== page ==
A direct marketing mailing sent to end-users this summer by Cool Choice, Mount Laurel, NJ, the marketing arm of a consortium of utility companies in six Northeast states, has received a warm reception.
The mailing highlighted a program — also called Cool Choice — that offers commercial and industrial customers cash rebates if they install high-efficiency heating, ventilating and air-conditioning systems. According to Cool Choice, these high-efficiency HVAC systems help commercial properties because they save electricity and cut energy costs.
To illustrate the benefits of the program, Cool Choice — which is also an affiliate of consulting company MaGrann Associates, a developer of energy programs for utilities — sent a direct mailing to 7,000 end-users, including facility managers, real estate property managers and architects.
“The end-users we tried to target were national accounts and real estate managers that had multiple locations,” said Irv Hurd, program manager at Cool Choice. “It wasn’t just the typical commercial end-user.”
So far, Hurd said the mailing has been effective. While he said that total responses are being tabulated, “most of the response that we’ve gotten so far were from end-users that were interested in both saving energy and the cash rebate.”
Cool Choice worked with CramerSweeney, Maple Shade, NJ, a marketing communications agency, to put the direct mail piece together. CramerSweeney sent the mailing to a list of names purchased from a trade publication in which Cool Choice also advertised.
The mailing featured text revealed through a die-cut window on the cover that reads, “Your Utility Company is Generating Something New.” The cover art, as well as the background art in the window, is a menacing-looking, stormy sky. Turning the page of the promotion causes the picture in the window to change, and when doing so, it features the same sky with lightning emanating from the clouds, with copy that reads, “Powerful Savings.” Detailed information about the Cool Choice program is featured on subsequent pages of the promotion.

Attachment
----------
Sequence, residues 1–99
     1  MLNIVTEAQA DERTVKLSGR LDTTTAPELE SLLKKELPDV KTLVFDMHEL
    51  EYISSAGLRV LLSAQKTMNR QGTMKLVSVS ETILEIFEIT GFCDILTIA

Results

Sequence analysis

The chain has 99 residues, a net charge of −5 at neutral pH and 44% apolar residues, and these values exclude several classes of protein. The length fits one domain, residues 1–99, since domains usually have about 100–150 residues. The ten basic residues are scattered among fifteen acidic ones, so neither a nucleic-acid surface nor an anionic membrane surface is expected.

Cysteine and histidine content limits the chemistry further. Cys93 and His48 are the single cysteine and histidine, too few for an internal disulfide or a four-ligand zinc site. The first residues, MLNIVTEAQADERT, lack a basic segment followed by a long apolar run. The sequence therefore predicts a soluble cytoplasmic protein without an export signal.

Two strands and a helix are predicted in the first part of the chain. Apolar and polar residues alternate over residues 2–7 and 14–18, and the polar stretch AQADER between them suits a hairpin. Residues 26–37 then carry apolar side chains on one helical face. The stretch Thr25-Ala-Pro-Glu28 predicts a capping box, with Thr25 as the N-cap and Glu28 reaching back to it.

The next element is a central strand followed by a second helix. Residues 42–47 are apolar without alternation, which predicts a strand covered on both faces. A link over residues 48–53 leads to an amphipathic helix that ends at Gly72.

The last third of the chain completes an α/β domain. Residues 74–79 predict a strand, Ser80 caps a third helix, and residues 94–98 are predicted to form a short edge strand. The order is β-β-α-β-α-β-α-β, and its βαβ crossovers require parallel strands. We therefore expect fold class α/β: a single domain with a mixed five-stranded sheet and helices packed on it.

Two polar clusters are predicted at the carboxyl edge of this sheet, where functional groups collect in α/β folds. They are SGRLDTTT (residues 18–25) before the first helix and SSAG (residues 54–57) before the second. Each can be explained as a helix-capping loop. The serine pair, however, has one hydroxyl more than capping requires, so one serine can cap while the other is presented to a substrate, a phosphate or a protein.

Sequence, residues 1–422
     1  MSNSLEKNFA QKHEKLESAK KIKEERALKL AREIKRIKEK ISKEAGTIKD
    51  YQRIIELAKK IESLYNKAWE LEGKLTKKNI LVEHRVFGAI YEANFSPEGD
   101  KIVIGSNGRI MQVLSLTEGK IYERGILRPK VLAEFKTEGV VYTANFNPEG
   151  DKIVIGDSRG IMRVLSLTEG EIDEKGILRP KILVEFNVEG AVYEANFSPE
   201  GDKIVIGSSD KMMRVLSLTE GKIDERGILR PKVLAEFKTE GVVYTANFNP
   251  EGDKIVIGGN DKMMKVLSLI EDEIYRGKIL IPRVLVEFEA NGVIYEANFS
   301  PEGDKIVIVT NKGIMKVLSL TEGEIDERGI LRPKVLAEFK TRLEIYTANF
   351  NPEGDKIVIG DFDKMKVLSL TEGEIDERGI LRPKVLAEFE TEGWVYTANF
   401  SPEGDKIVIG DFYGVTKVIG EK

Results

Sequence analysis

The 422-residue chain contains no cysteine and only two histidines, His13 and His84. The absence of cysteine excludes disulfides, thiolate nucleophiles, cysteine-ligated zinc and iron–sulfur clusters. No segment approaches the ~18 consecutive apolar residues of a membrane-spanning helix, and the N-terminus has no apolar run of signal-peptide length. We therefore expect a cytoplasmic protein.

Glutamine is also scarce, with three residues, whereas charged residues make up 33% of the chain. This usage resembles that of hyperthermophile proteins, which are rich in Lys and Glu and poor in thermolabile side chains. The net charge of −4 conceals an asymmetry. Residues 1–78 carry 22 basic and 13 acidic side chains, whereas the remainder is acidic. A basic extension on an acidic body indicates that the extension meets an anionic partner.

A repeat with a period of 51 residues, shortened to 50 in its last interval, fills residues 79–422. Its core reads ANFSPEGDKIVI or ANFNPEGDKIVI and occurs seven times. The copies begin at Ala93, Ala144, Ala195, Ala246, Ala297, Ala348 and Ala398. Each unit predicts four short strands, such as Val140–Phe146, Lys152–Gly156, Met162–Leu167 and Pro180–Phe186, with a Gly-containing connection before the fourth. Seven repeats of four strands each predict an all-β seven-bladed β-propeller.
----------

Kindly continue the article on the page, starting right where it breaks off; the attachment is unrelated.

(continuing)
The automatic changing-picture mechanism was created by Structural Graphics, Essex, CT, a company that designs and produces 3-D interactive print communications. SG worked with CramerSweeney to design the piece, then designed its engineering and handled the print and die cutting. SG employees hand-assembled the pieces at SG’s wholly owned plant in Mexico. SG prepared and sent the mailing.
Mark Shockley, managing art director at CramerSweeney, decided on the enhanced mail piece because Cool Choice was targeting end-users as opposed to contractors — its usual target — and he wanted to make sure the piece was much more attention-getting.
“This piece was designed to introduce Cool Choice to the public, so we wanted a mailing that would stick out in a mailbox,” Shockley said.
Mike Maguire, president of SG, said product launch mailings like the one Cool Choice introduced are typically good applications for the automatic changing-picture mechanism.
“With a launch, there is usually a lot at stake for the marketer,” he said. “They’ve spent a lot of money introducing a new program or feature, and they need to make sure the message gets through. So typically they want a high-end piece. They need to make a splash.”
While Hurd said the mail piece “was a lot more expensive than the average mail piece,” it was important to make it unusual and graphically pleasing so that “someone will open it up and look at it.”